What Is Auditory Processing Disorder?

Auditory processing disorder (APD) is a hearing problem characterized by deficits in how the brain processes auditory input. Children with APD struggle to make sense of what they hear — a symptom that is easily mistaken for other conditions and learning disabilities. This overview of APD clarifies common misconceptions and offers targeted strategies of support.

Auditory processing disorder (APD) is a  problem that occurs when the ears and brain are not in sync. This disconnect can cause a range of challenges – struggles with auditory discrimination, with listening in noisy environments, with remembering what you’ve heard, and with recalling the sequence of words spoken – that may resemble (and co-occur with) other conditions.

APD may interfere with learning, however it is not correlated with intelligence. It may cause communication difficulties, but it does not show up in traditional auditory tests for hearing loss. It is a misunderstood and largely overlooked condition that may appear in 3% to 5% of all children.

Auditory Processing Disorder: Overview

Normal auditory processing occurs when the brain receives auditory input and processes the information into something meaningful at an acceptable speed. Auditory processing disorder may cause deficits at any point in this process. Difficulties associated with APD commonly fall into these categories:

  • Auditory discrimination: noticing and differentiating similar but unique sounds
  • Auditory memory: remembering what was heard
  • Auditory sequencing: recalling words and directions in the correct order
  • Auditory figure ground: discerning and processing a single audio input amid competing stimuli (e.g., background noise)
  • Auditory cohesion difficulty, or problems processing when undertaking higher-level listening tasks (e.g., difficulty drawing inferences from conversation, picking up on tone and inflection, understanding riddles.)2

Auditory Processing Disorder: Common Signs and Challenges

The signs of auditory processing disorder often include the following daily challenges and manifestations:

  • Trouble following verbal directions (“Huh? What did you say?”)
  • A blank stare when spoken to; may appear distracted or unfocused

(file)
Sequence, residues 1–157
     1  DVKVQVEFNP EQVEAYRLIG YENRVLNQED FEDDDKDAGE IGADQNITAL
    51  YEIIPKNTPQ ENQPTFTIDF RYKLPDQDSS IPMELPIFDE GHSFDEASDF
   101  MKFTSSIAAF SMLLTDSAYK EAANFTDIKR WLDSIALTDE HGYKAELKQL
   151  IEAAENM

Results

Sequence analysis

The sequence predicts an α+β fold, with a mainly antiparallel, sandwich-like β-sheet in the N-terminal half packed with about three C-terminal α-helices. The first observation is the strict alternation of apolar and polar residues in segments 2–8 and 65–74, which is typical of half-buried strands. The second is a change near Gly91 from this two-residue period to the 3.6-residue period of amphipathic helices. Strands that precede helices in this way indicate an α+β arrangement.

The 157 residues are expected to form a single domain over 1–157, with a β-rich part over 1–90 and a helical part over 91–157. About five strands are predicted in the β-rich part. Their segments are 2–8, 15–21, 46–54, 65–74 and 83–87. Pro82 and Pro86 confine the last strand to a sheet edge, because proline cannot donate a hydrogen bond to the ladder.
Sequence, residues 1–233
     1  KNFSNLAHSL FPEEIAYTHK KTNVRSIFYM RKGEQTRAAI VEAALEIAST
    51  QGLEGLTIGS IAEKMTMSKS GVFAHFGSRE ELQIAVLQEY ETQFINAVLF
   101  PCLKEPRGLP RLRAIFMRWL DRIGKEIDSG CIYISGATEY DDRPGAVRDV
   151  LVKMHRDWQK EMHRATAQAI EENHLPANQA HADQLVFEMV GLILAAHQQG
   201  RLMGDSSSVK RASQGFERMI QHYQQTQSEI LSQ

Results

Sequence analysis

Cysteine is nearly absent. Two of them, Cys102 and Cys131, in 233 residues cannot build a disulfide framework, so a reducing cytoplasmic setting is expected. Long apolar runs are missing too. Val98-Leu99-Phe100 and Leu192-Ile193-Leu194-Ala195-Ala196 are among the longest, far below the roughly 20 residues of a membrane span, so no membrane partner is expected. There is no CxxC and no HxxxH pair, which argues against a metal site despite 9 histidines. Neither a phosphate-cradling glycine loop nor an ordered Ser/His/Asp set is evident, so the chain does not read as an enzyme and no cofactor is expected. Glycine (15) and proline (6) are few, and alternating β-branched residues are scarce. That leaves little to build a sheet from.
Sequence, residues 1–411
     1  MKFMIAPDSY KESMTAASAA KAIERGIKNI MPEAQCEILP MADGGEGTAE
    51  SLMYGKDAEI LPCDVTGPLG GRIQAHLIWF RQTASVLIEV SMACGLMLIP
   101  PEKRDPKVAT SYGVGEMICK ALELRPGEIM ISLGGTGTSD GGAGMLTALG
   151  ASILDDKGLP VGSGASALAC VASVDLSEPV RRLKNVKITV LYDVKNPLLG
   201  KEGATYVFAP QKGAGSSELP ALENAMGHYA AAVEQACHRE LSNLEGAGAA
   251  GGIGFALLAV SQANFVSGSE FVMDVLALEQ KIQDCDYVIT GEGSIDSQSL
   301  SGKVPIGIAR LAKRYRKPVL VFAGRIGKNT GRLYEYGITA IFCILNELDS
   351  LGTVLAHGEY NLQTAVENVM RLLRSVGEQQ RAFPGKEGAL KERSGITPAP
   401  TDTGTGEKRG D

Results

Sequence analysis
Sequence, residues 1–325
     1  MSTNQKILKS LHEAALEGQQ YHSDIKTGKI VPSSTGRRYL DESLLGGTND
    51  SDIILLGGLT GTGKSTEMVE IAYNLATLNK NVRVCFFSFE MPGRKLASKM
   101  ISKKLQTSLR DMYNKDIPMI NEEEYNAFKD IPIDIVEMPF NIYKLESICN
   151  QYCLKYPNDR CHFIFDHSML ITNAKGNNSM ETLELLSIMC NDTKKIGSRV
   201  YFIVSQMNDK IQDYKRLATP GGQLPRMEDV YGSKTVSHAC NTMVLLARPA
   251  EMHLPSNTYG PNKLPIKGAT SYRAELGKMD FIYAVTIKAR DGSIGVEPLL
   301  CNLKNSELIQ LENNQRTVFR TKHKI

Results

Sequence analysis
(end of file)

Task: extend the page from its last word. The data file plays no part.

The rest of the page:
• Trouble following conversations with multiple speakers or background noise, no matter how minimal (“It’s too noisy in here!”)
  • Difficulty distinguishing similar-sounding words, like “coat” and “boat”
  • Trouble following multi-step directions in the correct order
  • Noticeable delay in responding to conversational questions

In addition to these communication difficulties, APD may trigger the following additional challenges for students:

  • Behavior problems: Auditory processing issues can cause children to feel embarrassed and frustrated. They may react by becoming defensive, or cover by acting disinterested. Teachers sometimes assume that students with undiagnosed APD are ignoring instructions and displaying defiance.
  • Poor social skills: Difficulty keeping up with conversations, especially in loud, active environments (like the playground, school auditorium, and classroom), can cause children to miss out on friendships and other connections. They might withdraw from social settings or compensate by acting as the class clown, or by pretending they don’t care.
  • Anxiety: When children can’t trust that what they’ve heard is accurate, they may feel flustered and stressed, which could contribute to anxiety, which further impairs auditory processing.
  • Academic challenges: Poor auditory processing abilities could put children at a greater risk for learning difficulties,  and research suggests that many children with APD also have comorbid language or reading impairment. APD affects a child’s ability to interpret information (a problem when so much of it is delivered verbally in the classroom), which is fundamental for learning.

Excerpted from “What Is Auditory Processing Disorder? Symptoms, Comorbidities, and Exercises” in ADDitude Magazine. For more details and strategies to help children with APD, read the full article online.

Source: ADDitude Magazine | What Is Auditory Processing Disorder? Symptoms, Comorbidities, and Exercises, https://www.additudemag.com/what-is-auditory-processing-disorder-symptoms-exercises | Copyright © 1998 – 2022 WebMD LLC

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